Find out if the connection to MongoDb has been done overnight. Digging into Prometheus metrics and Grafana, find that this happens while backups are in operation. Why is this suddenly so difficult, we have run backup storage for many years? We seem to be pushing hard backup to keep it online with a storage price and this is ruining the entire CPU available. It seems that the load on the database has grown slightly to make this visible. This is happening in a stand-alone setting, not affecting production, but still a problem, if the original fails. Add the Jira item to fix this.
Along the way, modify the MongoDb prober (Golang) code to add histogram containers to better understand latency distribution. Run the Jenkins pipes to start a new exploration.
At 10 a.m. for a Standup session, share your updates with the team and learn what others have been doing – setting up a VPN server monitoring, using Python and Prometheus software, setting up ServiceMonitors on external services, solving MongoDb connectivity issues, testing for canary and Flagger.
After the meeting, continue to prepare for the day. One of the things I planned to do today was to set up another Kafka team at the test site. We are running Kafka on Kubernetes so it should be straightforward to download existing YAML files and convert them into a new batch. Or, at the second thought, should we use Helm instead, or maybe there is a better Kafka driver now? No, don’t go there – more magic, I want to improve my behavior. YAML green yes. After an hour and a half the new team is moving. Preparation was easy; only init vessels that register Kafka vendors on the DNS require a flexible configuration. Creating software notifications requires a small bash pattern to set up accounts on Zookeeper. One of the things that was about to be settled, was to set up Kafka Connect to handle the database change process – it seems the test entries are not running in ReplicaSet mode and Debezium will not be able to find the oplog from there. Repeat this and move on.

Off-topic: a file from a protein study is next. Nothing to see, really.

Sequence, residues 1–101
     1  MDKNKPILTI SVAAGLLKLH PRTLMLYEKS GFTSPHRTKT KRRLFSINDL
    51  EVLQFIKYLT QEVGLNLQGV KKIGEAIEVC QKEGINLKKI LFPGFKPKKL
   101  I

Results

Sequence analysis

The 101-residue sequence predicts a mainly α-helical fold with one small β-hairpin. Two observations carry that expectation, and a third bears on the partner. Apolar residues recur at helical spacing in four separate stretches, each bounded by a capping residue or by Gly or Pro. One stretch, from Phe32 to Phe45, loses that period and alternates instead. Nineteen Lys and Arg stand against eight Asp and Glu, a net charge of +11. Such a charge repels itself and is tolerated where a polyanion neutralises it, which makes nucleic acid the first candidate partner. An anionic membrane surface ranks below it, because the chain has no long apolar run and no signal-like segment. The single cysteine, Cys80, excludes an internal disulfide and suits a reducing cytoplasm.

Now is the time to prepare for the Wheel of Tragedy event. At Starship we do this to better understand systems and share solutions. It works by breaking down a part of the system (often on trial) and causing another unfortunate person to try to solve the problem and reduce the problem. In this case I set up a test property with no filling in microservice for calculating the process. Present this as Kubernetes’ work called “haymaker” and hide it so that it does not appear immediately in the Linkerd mesh (yes, bad 😈). Then launch the “Wheel” game and realize any opportunities we have in social media, metrics, notifications and more.
In the last few hours of the day, stop all distractions and try to sign up. I have also set up a Mongoproxy BSON component as an asynchronous stream (Rust + Tokio) and I want to know how this works with real data. There seems to be a flaw somewhere in the parser guts and I need to add some deep pruning to realize this. Find the best library to follow in Tokio and get excited …
Disclaimer: The scenario described here is based on fact. Not everything happened in one day. Some meetings and interactions with co-workers have been changed. We are hiring.